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Dissecting Business Lingo

Workshop Helps Scientists Become More Entrepreneurial-savvy

By Colleen Crowley M.Jour. ’19

Business Lingo Whiteboard

Photo illustration by John T. Consoli

Photo illustration by John T. Consoli

In the startup world, an angel isn’t a divine being from the heavens, but a possible savior for your business. And your margins aren’t the white spaces at the edge of a document, but—if you’re lucky—an expanse of green.

For the uninitiated, navigating the business world can be baffling—even the terminology presents a steep learning curve. For someone who’s been drilled in the precise language of the sciences throughout their education and career, it can be doubly difficult.

On Wednesday, Alla Corey McCoy, director of startup support at UM Ventures, hosted the workshop “Business Lingo for Scientists” in the new Diamondback Garage. It was one in a series of workshops in collaboration with UM Ventures, Mtech and the Dingman Center for Entrepreneurship to help faculty and graduate students become more business-savvy.

“There’s a knowledge gap between being a great scientist and running a business,” McCoy said before it started. “All of the concepts we’ll be covering are needed for anyone to have a conversation with an investor or any other funding organization.”

Among the terms McCoy says researchers need to be familiar with when they enter the entrepreneurial realm:

Business Model: Defines how your business idea delivers products or services to customers, finances itself and creates profit. For example, will you sell to other companies, directly to consumers or a subscription service?

Margin: Your profit margin, also known as your profit minus the cost of producing your product.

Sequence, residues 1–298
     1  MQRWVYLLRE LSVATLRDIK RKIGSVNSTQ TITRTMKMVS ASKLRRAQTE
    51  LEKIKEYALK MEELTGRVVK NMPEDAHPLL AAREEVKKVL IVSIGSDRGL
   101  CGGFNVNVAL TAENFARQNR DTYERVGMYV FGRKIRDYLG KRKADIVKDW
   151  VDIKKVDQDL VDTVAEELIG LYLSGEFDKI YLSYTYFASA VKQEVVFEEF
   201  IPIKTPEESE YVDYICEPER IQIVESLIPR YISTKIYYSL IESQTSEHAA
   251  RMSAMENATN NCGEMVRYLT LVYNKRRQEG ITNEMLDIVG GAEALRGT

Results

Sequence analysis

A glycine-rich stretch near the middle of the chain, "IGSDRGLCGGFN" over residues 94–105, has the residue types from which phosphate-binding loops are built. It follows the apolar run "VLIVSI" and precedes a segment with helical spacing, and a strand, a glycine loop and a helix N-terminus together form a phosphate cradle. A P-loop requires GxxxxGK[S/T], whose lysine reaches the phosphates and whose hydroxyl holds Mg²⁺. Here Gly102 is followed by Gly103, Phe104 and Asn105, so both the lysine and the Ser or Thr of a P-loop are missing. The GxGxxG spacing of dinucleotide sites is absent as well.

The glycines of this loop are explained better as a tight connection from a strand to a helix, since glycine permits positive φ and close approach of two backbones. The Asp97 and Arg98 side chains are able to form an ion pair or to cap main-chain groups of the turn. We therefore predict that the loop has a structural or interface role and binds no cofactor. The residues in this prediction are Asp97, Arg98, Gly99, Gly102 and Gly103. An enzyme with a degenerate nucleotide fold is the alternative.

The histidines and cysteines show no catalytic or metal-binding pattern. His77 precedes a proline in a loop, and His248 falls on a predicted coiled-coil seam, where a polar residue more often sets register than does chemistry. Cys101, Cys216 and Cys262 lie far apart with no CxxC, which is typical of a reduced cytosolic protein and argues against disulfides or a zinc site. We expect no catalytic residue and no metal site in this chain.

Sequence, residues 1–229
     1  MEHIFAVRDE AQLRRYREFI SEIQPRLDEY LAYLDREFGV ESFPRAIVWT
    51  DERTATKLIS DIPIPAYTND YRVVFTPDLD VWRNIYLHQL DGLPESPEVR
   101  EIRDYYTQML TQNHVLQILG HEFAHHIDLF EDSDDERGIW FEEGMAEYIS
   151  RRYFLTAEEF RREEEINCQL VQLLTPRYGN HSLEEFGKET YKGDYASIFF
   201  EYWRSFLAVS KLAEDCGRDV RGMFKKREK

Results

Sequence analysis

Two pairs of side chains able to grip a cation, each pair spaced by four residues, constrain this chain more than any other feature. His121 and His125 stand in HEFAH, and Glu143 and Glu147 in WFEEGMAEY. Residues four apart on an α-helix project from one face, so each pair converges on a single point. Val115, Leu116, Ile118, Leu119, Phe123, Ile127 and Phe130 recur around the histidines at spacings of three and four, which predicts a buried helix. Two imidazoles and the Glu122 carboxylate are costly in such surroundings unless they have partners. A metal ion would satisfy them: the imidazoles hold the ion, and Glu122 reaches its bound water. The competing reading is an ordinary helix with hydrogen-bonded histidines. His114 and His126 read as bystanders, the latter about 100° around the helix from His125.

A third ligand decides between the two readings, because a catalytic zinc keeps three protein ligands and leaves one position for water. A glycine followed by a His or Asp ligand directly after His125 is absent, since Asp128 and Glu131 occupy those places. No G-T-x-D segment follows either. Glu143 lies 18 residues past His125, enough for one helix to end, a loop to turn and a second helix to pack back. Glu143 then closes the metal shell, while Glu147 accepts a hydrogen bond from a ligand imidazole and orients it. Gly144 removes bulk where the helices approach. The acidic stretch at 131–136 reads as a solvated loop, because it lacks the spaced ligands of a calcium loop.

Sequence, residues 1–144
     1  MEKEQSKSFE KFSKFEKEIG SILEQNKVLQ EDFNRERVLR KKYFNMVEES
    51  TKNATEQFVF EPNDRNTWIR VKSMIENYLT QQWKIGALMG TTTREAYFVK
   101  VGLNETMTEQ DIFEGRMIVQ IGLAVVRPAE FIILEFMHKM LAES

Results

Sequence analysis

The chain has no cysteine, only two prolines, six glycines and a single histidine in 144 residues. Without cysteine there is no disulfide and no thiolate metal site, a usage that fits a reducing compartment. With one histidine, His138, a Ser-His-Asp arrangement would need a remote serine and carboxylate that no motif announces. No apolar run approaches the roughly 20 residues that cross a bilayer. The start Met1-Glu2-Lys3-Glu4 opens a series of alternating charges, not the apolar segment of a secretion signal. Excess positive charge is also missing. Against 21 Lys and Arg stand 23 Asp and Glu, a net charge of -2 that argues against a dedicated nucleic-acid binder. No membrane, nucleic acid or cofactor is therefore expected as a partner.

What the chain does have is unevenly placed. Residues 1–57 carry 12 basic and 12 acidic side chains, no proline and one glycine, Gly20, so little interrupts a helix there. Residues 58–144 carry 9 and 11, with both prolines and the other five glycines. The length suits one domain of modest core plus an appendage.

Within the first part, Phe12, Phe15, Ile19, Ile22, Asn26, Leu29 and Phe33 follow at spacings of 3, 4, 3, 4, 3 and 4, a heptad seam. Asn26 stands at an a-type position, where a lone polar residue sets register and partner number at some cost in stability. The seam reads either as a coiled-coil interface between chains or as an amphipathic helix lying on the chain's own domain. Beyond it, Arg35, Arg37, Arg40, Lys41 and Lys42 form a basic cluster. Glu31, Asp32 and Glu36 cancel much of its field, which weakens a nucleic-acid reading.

Operating Income: Your revenue minus the cost of goods sold (how much it takes to make your product), the wages for your full-time employees, depreciation (spreading out and expensing the cost of large company purchases over a period of time) and amortization (spreading out repayments over time on a fixed schedule, e.g. mortgage, car lease).

Product/Market Fit: Where and how your product fits in the market. Does it satisfy a continually strong demand and are customers willing to pay enough to keep the business profitable?

Sales Projection: The amount of revenue you expect to earn in a certain amount of time.

Sunk Cost: An investment or cost that cannot be recovered. These usually shouldn’t be taken into consideration when making a decision on your future strategy.

Switching Cost: How much it would cost a customer to switch to your product from a competitor’s product. Is your product valuable enough to your consumers that they’re willing to pay?

Total Addressable Market: The number of customers who have a need for your specific product, who you can reasonably market and sell to. Knowing the specifics about your customer (age, gender, geographic location, income level, etc.), also known as your customer segment, is an important aspect of this.

Value Proposition: A statement explaining why consumers would choose your product or service over the competition, i.e. is it better, cheaper, faster?

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